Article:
Stimulus and RxJS For Improved Loading States

I’ve written before about using Stimulus and RxJS, but I wanted to write again about an improved way of handling loading states using RxJS and Stimulus.

Displaying a loading state is a great way to indicate to the user that there is something happening in response to a button click, but sometimes if the user is on a fast connection or machine, displaying that loading state too quickly can have a negative impact.

For example, if a user action takes ~100ms to process something, displaying and then quickly hiding a loading state will just show a flash of content and could leave the user a little bit confused.

Fortunately, RxJS makes handling this extremely simple to implement. In the previous post we implemented this using setTimeout and clearTimeout, but now we’ll see how this can be improved by using RxJS primitives.

Loading State

A loading state is something we want to display when the user clicks an action and the application needs to retrieve data from a remote source. Since we don’t know how long that data retrieval will take place, we display a loading state letting the user know something is happening.

Here is an example of how this could look in response to a button click

setupClickEvent() {
  this.newClick
    .pipe(
      tap(() => {
        this.displayLoadingState();
      }),
      delay(500)  // Fake delay
    )
    .subscribe(() => {
      this.displayContent();
    });
}

displayLoadingState() {
  this.loadingTarget.classList.remove('hidden');
}

displayContent(content) {
  this.loadingState.classList.add('hidden');

  // display actual content
}

If you’ve used RxJS before (or read the previous post), this should be pretty familiar. When a new click is observed, we immediately display the loading state. Once the data is retrieved from the remote source, we hide the loading state.

Adding a Loading Delay

To improve the experience, so we don’t get a flash of a loading indicator for users on a fast connection, we should add a delay between the time that the loading takes place and when we actually modify the DOM to do display it. Basically, we separate the loading state from the logic of actually displaying the loading state.

To do this, we first want to add a new Subject for handling the loading state.

import { Controller } from 'stimulus';
import { Subject } from 'rxjs';
import { tap, delay, filter, debounceTime } from 'rxjs/operators';

export default class extends Controller {
  static targets = ['loading', 'delay'];

  newClick = new Subject();
  isLoading = new Subject();

  loadingDelay = 350;

  connect() {
    this.setupClickEvent();
    this.setupLoadingState();
  }

  myClick(event) {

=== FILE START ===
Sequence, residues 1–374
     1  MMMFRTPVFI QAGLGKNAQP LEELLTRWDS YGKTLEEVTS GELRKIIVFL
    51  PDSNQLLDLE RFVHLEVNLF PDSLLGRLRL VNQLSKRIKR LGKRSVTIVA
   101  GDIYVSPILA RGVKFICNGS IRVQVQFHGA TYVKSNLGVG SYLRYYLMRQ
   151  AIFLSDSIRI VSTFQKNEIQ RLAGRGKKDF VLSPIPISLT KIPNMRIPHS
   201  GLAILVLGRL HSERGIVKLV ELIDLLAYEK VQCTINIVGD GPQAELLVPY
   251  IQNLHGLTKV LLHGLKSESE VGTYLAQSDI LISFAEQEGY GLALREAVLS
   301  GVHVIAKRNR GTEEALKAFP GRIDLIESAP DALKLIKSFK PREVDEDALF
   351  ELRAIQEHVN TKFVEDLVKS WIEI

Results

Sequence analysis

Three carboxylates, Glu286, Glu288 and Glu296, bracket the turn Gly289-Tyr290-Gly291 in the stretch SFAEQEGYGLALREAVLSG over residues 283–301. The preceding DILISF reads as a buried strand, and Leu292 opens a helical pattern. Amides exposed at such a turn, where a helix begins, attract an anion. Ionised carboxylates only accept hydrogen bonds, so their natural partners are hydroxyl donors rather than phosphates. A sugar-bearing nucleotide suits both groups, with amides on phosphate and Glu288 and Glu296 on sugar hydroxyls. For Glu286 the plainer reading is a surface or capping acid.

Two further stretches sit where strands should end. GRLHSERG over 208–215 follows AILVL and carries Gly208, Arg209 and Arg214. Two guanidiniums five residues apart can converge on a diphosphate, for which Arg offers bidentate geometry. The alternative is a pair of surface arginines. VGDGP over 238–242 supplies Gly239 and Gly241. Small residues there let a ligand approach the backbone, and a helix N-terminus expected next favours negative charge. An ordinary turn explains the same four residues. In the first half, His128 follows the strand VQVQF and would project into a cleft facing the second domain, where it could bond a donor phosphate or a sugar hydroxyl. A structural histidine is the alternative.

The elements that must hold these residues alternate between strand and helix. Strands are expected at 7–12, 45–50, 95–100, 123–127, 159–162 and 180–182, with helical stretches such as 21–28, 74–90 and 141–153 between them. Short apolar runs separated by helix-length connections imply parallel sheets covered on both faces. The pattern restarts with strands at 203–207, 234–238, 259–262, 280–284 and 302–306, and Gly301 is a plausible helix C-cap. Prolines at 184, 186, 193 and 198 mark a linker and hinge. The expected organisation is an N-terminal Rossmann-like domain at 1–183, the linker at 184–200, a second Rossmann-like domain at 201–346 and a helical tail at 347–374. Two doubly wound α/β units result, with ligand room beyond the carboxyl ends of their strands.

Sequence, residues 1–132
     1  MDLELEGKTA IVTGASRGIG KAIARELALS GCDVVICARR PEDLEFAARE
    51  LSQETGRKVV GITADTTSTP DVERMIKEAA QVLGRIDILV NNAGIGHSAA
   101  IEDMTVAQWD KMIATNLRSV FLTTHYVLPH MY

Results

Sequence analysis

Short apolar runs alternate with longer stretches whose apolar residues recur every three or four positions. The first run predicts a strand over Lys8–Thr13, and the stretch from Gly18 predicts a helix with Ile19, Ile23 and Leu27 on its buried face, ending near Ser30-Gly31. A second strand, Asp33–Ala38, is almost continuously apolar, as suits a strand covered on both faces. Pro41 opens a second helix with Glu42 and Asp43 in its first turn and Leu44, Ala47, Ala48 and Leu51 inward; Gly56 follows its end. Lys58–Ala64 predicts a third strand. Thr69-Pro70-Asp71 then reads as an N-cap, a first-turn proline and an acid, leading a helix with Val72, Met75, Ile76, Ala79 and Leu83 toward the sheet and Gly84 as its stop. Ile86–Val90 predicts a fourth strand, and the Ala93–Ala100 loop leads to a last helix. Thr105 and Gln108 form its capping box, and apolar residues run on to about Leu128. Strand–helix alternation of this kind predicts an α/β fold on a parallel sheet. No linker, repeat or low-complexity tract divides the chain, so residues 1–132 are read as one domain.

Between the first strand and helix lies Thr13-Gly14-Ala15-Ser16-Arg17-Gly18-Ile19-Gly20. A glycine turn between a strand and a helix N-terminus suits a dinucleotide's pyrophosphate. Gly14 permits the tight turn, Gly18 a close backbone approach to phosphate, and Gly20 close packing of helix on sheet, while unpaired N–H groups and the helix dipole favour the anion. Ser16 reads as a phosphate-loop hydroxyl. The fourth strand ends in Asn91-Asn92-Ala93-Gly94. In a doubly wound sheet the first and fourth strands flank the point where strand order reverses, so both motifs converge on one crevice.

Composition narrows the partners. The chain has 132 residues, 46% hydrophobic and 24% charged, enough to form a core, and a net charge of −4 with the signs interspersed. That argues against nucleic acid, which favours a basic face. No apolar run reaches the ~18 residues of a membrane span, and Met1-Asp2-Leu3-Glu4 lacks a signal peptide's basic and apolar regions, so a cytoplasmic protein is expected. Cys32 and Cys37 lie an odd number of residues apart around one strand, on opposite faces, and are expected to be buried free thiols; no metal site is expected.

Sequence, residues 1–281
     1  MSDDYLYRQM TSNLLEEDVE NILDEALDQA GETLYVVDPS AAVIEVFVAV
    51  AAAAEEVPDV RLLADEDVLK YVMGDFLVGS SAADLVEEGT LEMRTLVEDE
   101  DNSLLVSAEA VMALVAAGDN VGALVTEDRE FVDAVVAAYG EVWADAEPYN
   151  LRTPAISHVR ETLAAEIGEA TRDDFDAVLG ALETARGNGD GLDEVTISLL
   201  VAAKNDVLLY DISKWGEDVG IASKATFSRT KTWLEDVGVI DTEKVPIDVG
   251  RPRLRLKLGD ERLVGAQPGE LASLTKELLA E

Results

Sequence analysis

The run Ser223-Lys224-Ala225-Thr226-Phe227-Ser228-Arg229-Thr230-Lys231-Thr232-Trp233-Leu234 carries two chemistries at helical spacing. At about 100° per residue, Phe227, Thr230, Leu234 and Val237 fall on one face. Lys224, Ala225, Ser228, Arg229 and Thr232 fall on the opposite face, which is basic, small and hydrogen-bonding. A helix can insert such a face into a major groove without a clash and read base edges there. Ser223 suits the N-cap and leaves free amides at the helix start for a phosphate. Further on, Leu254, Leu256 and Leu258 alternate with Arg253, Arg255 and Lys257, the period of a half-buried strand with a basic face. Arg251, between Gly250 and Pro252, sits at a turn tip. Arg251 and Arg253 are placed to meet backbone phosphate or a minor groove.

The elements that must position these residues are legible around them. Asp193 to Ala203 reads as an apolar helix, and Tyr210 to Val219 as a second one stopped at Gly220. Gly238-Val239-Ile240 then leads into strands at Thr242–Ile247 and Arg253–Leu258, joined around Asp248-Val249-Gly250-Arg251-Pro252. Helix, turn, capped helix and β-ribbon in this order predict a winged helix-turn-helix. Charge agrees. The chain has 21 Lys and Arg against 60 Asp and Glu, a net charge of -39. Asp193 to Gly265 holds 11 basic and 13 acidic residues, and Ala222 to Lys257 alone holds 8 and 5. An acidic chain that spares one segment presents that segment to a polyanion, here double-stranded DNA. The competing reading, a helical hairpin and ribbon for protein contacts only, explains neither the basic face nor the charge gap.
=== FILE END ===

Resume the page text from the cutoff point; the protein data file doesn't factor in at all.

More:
this.newClick.next();
  }

  setupClickEvent() {
    this.newClick
      .pipe(
        tap(() => {
          this.delayTarget.innerText = '';
          this.isLoading.next(true);
        }),
        delay(150)
      )
      .subscribe(() => {
        this.isLoading.next(false);
        this.delayTarget.innerText = `Data available`;
        // Display content
      });
  }

  setupLoadingState() {
    // Subscribe to when loading state is enabled
    // but wait 250ms before updating the DOM and displaying it
    this.isLoading
      .pipe(
        debounceTime(this.loadingDelay),
        filter(value => value === true)
      )
      .subscribe(() => {
        this.loadingTarget.classList.remove('hidden');
      });

    // Subscribe to when loading state is disabled
    // and hide it immediately
    this.isLoading
      .pipe(
        filter(value => !value)
      )
      .subscribe(() => {
        this.loadingTarget.classList.add('hidden');
      });
  }
}

The bulk of the work takes place in the handleLoadingState method and is done completely with RxJS primitives filter and debounceTime. What we do is create two subscriptions - the first for when loading state is enabled, and the second for when the loading state is turned off.

The difference between the two is that we add a debounce between the time the loading state is turned on and the time that we actually display it. If the loading state is disabled between that time, it will fail the filter check and the loading state stays hidden.

We also updated our button click code to simply call next on the isLoading subject with the appropriate state (true or false). This further decouples the displaying of the loading state from the retrieving of the data. All the retrieving of the data needs to do is tell RxJS that something is loading or is done loading. Everything else happens by subscribing to that Subject.

If we change the fake delay on our button click action to be higher than 350, we’ll see the loading indicator display. If we change the fake delay to less than 350, we won’t show the loading indicator at all.

Conclusion

With just a few more lines of code, we’ve improved our loading state logic quite a bit. We’ve decoupled the loading state itself from the logic that handles the display of the loading state.

If you’d like to see the final code, please feel free to browse the mike1o1/stimulus-rxjs-loading-state repository.

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